A couple of years ago the Criterion Collection released Orson Welles's F for Fake in a two-disc edition. I'd never manged to see this particular film, despite my fondness for Welles's work as a director, and so I eagerly bought the set.
F for Fake is a rather free-spirited documentary about forgery and deceit that looks at, among other things, the hoaxes perpetrated by Elmyr de Hory and Clifford Irving. It's all too complicated to summarize here. If you're interested, you can look at the Wikipedia entry and then start following links to all of the participants.
Well, it's impossible not to be fascinated by such people. Consequently, I went looking for a copy of Fake!, Irving's biography of Elmyr. Since there are numerous references to it in Welles's film, I thought that I should read it. It was out of print two years ago, but I easily found a used copy through a third-party seller on Amazon.com. Since Irving is a talented writer, I found the book to be a pleasure to read. I went through it in a single evening.
I started looking into Irving's other books and wound up reading his true crime story, Daddy's Girl. It too is out of print, but I found a copy at a local used book store. Once again, the book was a gripping read. If you go to this page and scroll down a bit, you'll find three lengthy interviews with Irving from 1984, 1988, and 1990. He discusses his books, his time in prison, and so forth. The interview from 1988 is devoted to Daddy's Girl.
Not too long after I watched Welles's movie and read two of Irving's books, I noticed that a film about Irving and his Howard Hughs hoax, a film starring Richard Gere, was soon to be released. I guess that it's been out for a while in the States, but is only now in release in the U.K. As you would expect, the film has been getting some attention in the British press, as has Irving himself. The Daily Telegraph published a lengthy profile of Irving about a month ago. Mick Brown visited Irving in Aspen, Colorado, and got him to talk about his life.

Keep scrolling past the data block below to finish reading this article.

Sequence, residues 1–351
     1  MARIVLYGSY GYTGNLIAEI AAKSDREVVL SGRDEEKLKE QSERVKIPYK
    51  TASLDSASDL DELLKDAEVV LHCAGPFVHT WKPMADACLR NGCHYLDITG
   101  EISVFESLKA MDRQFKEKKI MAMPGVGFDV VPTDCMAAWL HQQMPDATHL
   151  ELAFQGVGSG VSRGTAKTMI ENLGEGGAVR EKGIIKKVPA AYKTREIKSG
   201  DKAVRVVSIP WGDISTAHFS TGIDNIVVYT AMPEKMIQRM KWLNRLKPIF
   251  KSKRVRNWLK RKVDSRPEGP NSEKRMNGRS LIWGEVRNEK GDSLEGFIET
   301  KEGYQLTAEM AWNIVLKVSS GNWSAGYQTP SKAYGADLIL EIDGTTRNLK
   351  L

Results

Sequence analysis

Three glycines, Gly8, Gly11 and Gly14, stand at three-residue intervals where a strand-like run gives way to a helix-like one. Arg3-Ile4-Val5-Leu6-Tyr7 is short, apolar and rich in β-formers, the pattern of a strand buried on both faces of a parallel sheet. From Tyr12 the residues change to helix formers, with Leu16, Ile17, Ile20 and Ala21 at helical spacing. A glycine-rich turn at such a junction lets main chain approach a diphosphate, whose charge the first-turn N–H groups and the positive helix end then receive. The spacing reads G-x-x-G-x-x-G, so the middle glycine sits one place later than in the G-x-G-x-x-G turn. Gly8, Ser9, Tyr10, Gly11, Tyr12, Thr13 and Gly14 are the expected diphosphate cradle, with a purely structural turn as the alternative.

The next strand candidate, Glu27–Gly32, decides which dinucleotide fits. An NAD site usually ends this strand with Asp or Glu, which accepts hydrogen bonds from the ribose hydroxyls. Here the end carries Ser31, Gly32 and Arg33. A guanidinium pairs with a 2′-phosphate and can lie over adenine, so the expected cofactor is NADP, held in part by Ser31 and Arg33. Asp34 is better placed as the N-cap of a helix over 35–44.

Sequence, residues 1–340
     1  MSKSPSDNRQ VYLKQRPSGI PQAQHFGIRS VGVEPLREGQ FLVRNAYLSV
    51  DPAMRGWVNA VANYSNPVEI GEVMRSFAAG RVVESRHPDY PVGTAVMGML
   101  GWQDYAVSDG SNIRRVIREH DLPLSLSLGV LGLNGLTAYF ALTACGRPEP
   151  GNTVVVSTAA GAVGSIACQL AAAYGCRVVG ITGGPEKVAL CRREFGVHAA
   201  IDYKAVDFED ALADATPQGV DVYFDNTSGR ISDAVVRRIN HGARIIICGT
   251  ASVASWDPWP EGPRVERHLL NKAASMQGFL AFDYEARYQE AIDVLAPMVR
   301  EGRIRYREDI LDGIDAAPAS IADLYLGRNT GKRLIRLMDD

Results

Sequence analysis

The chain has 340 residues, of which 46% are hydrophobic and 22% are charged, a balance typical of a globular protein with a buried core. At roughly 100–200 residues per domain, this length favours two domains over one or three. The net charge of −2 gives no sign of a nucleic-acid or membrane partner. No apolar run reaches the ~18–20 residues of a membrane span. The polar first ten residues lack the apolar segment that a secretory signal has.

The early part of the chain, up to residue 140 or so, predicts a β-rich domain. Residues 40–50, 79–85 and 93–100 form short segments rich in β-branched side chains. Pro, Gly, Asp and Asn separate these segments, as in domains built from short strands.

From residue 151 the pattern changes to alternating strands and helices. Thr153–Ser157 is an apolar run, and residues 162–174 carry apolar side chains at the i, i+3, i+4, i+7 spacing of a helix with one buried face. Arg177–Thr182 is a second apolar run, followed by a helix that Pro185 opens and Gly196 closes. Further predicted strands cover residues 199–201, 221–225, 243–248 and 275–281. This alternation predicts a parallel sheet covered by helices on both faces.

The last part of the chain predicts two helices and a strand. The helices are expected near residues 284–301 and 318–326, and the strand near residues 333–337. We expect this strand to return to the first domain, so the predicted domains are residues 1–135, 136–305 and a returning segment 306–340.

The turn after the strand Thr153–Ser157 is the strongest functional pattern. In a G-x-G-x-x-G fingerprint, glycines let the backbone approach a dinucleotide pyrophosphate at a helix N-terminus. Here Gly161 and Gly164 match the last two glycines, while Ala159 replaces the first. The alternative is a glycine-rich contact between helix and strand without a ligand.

Irving, of course, published his own book about the Howard Hughes hoax. It's entitled, appropriately enough, The Hoax. It's the basis of the film. According to Irving himself, however, the film doesn't actually have very much to do with the truth. Go to this page on Irving's website for his take on the project.
In early 2006 I wrote a 500-word entry about Benjamin Christensen's Häxan for Steven Schneider's BFI anthology 100 European Horror Films. The book is also available in the U.S. under the same title.
If you don't know about Häxan, then I recommend that you see it. It's one of the strangest of silent horror films, since it's really more of a documentary essay than a drama, although it contains dramatic illustrations of the European witch craze. There's also a didactic aspect to the film. Benjamin Christensen, the director, was familiar with the psychiatry and psychoanalysis of his day, and he attempts to demonstrate that the origin of the belief in witches and witchcraft has a psychological explanation rooted in the phenomenon of hysteria.
For my entry I made use of the DVD available through the Criterion Collection. As far as I know, that's the only version to be found in the U.S. Unfortunately, I don't know what other editions might be available outside of the U.S.
James Delingpole talks with Harry Patch, the last surviving soldier to go over the top in World War I.
More: After I read Mr. Delingpole's article, I moused around a bit for more information. Here's the publisher's webpage for Mr. Patch's memoirs The Last Fighting Tommy, and here's a page from the BBC website with a nice photograph of Mr. Patch along with some of his recollections of the war.
Steven Thomas of McClatchy Newspapers reports on how the Democratic party is becoming more liberal. That is, there's a modest leftward shift in the party on some issues, e.g., health care, income inequality, and the war in Iraq.